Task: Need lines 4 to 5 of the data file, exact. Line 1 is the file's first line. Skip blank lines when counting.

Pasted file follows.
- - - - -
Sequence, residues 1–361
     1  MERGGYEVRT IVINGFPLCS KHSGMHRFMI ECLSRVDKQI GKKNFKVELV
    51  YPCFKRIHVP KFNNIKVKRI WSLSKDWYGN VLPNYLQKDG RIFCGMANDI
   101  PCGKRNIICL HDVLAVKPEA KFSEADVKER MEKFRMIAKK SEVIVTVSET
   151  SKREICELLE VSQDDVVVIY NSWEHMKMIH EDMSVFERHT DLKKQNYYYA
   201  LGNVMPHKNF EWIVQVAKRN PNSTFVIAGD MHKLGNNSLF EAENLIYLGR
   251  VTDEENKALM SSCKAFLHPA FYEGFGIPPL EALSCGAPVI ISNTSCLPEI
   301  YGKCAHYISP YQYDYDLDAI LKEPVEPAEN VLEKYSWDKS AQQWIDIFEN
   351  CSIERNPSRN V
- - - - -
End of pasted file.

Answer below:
   101  PCGKRNIICL HDVLAVKPEA KFSEADVKER MEKFRMIAKK SEVIVTVSET
   151  SKREICELLE VSQDDVVVIY NSWEHMKMIH EDMSVFERHT DLKKQNYYYA